Ashwin spins India to victory in season opener

It’s better doing this for India, innit?

HYDERABAD: Off-spinner R. Ashwin’s record ten-wicket haul orchestrated India’s season-opening victory over New Zealand in the first Test at Uppal here, as the hosts romped home by a massive innings and 115 runs with a day to spare to go one-up in the two-match series.

The 25-year-old Ashwin claimed six wickets across two sessions on Sunday as the Kiwis, who had resumed on 41-1 in the morning, crashed to 164 in just under 80 overs. Ashwin’s match figures of 12-85, his first ten-wicket haul, are the best by an Indian bowler against New Zealand.

Ashwin and left-arm spinner Pragyan Ojha (match figures of six for 92) accounted for 18 of the 20 wickets to fall in the match. Cheteshwar Pujara had earlier set it up nicely with a first innings 159 and Virender Sehwag contributed with some agile catching in the slips, including a one-handed diving effort to get rid of James Franklin.

After a watchful first session, New Zealand lost their last seven wickets for 26 runs. Victory was realized when a carrom ball ended Chris Martin’s three-ball agony at the crease, but India were made to tide over a fruitless morning before the sluice gates opened.

New Zealand began with Kane Williamson and Brendon McCullum whittling away at the 238-run deficit, and the batsmen were the personifications of diligence as they put their heads down and went about their business.A 9 a.m. start was delayed to 11 a.m. due to wet conditions and a light drizzle, but there were no interruptions once play resumed.

Pragyan Ojha initiated proceedings with two slips and a gully in place, the agendas for either side firmly in place: New Zealand playing for time, hoping for rain; India requiring to claim nine wickets before the heavens opened for yet another curtailment.

For once, Ashwin was no longer held back, and came in to bowl in the second over on Sunday, as spin assumed duties from either end. Mc Cullum edged Ojha chancily as the ball flew wide of slip, but the Kiwis looked relatively comfortable, using their feet to good effect and taking boundaries off Ashwin when he erred on length.

After 15 overs of unsuccessful spin, Dhoni tossed the  ball to Zaheer Khan to see if the spearhead could harness the overcast conditions for swing. Zaheer was negotiated watchfully by the pair in the middle, the full face of the bat often on display as it met the ball.

Pujara, meanwhile, continued his dalliance with injuries when Williamson’s powerful swat off Ashwin struck the India batsman at short leg. The ball impacted on the right knee, the same spot Pujara had been operated on earlier in the year. Pujara, grimacing in pain, left the field and was substituted by Ajinkya Rahane. News trickled out later that the injury was not serious.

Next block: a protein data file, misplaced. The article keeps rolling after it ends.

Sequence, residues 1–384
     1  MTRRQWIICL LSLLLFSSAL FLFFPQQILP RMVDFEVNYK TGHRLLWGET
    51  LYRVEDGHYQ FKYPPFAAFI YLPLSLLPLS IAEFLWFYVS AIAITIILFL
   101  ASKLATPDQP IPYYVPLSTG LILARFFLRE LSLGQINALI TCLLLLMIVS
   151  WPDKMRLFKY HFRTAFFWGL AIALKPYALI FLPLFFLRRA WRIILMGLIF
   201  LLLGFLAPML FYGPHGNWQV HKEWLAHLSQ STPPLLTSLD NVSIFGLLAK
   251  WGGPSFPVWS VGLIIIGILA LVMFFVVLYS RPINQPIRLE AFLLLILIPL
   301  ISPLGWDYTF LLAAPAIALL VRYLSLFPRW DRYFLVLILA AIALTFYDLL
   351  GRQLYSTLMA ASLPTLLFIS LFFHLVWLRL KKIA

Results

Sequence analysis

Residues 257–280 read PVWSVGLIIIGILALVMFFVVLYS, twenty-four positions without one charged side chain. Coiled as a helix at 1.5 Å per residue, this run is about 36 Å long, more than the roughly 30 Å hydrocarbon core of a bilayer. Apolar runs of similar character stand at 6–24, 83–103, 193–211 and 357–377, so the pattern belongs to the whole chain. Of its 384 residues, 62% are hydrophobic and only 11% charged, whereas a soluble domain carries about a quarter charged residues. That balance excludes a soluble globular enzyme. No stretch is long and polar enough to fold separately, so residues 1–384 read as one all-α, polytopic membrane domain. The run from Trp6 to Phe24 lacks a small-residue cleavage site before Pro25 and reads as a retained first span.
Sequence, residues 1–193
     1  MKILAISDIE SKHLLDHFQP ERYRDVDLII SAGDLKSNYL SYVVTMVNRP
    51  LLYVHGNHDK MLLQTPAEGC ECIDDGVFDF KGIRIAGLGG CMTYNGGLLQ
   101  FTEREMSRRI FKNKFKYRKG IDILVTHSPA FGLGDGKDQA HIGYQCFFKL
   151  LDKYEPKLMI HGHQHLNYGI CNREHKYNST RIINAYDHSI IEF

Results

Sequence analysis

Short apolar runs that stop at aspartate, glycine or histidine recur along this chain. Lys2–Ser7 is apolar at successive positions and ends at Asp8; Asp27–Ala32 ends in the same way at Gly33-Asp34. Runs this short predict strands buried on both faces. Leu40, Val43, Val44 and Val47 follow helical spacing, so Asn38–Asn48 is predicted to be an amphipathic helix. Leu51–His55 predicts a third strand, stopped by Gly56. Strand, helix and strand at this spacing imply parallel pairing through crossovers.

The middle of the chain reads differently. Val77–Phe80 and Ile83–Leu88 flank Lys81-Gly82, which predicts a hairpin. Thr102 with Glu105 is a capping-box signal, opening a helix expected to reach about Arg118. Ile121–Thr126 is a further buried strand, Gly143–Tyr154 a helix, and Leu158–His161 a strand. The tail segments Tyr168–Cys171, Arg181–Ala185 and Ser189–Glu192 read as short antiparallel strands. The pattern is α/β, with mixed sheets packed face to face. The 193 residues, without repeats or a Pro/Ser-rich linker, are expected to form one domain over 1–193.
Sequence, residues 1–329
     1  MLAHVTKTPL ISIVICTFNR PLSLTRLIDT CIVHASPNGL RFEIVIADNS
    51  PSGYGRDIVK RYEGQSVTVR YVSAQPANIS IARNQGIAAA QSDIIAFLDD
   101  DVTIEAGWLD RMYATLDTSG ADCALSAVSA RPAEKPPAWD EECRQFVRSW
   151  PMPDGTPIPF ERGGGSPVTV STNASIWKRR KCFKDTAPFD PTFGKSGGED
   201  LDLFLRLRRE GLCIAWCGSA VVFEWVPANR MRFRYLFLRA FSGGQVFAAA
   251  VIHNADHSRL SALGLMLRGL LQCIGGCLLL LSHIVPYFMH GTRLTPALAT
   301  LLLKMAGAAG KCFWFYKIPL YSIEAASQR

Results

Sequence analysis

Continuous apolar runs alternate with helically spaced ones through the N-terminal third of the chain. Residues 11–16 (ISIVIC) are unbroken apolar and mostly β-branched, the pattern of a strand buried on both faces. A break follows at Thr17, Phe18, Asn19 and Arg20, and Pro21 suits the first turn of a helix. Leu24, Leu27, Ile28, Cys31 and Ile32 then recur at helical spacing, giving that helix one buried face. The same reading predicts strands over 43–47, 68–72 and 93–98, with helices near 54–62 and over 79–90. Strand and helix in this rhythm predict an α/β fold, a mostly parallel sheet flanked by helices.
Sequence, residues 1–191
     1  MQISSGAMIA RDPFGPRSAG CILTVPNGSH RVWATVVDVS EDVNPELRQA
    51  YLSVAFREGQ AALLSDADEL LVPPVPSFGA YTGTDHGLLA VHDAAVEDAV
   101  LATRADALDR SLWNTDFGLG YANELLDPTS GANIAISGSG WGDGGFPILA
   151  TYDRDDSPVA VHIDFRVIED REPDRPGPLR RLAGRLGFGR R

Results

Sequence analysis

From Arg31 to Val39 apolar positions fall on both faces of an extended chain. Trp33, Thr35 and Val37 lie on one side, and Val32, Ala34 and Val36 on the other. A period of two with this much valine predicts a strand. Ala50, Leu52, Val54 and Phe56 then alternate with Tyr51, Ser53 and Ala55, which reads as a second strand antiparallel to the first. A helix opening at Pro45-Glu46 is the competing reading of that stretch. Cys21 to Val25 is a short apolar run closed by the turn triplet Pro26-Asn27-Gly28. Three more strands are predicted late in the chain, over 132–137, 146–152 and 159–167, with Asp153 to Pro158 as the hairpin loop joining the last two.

New Zealand entered lunch at 92 for one, with Williamson (31) and McCullum (39) having successfully survived 27 overs’ worth of India’s attempts to gain an early breakthrough. But the 72-run second-wicket stand was broken in the third over after lunch, albeit not in convincing fashion.

McCullum’s defensive shot to Umesh Yadav thudded into his pads after catching the inside-edge. The close-in field jumped up in appeal, and umpire Steve Davis raised his finger as the visibly angry Kiwi stormed off – his side knocking at the door of disaster again after having resisted for the length of the morning session.

Seven runs later, Ashwin castled Ross Taylor with a sharp off-break, the Kiwi skipper’s decision to leave the ball alone costing him his wicket. Meanwhile, Williamson was putting on a show of Test match batting. The 22-year-old reached his fifth fifty in 161 balls, with a scampered three off Ashwin.

After pushing through some quick overs through Suresh Raina, Dhoni called in Ojha for the first time after lunch. The left-arm spinner struck a fell blow on his second delivery – a stock ball drifted in and jagged sharply away from Williamson, catching the edge before being pouched greedily by Virender Sehwag at first slip.

With a packed close-in field, the pitch suddenly appeared to have more bite, and Flynn, after having braved 54 balls for his 11, attempted a sweep against Ashwin, only to be trapped in front. James Franklin, who had stood firm and unbeaten amid the ruins in the first innings, couldn’t reprise his act in the second gig.

The southpaw became the sixth wicket to fall when he thick-edged a trademark Ashwin off-break, which was snapped up by a vigilant Sehwag, who dove full length to his right to complete the catch. Ojha got rid of Doug Bracewell, and then it was time for Ashwin’s tenth wicket – Kruger van Wyk deceived to death by the carrom ball.

In his next over, the Chennai off-spinner took out Trent Boult and Chris Martin – taking two in an over for the second time in the match, and finishing with six for 54. Ashwin’s performance, although on a prepared track against sub-standard opposition, along with the welcome U-19 World Cup win by Unmukt Chand’s boys, would be welcomed by India as a pleasant place from where to launch what is likely to be a grueling home season.



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